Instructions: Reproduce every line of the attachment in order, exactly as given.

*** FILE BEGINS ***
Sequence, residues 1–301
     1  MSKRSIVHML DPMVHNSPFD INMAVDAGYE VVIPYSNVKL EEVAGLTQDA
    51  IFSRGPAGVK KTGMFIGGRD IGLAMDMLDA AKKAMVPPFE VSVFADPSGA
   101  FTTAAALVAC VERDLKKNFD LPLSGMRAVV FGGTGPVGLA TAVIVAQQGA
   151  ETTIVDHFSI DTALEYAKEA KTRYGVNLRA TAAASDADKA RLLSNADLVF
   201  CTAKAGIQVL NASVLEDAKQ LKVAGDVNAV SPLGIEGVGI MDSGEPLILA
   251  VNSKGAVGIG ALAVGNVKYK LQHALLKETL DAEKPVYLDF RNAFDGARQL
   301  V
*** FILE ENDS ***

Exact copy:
Sequence, residues 1–301
     1  MSKRSIVHML DPMVHNSPFD INMAVDAGYE VVIPYSNVKL EEVAGLTQDA
    51  IFSRGPAGVK KTGMFIGGRD IGLAMDMLDA AKKAMVPPFE VSVFADPSGA
   101  FTTAAALVAC VERDLKKNFD LPLSGMRAVV FGGTGPVGLA TAVIVAQQGA
   151  ETTIVDHFSI DTALEYAKEA KTRYGVNLRA TAAASDADKA RLLSNADLVF
   201  CTAKAGIQVL NASVLEDAKQ LKVAGDVNAV SPLGIEGVGI MDSGEPLILA
   251  VNSKGAVGIG ALAVGNVKYK LQHALLKETL DAEKPVYLDF RNAFDGARQL
   301  V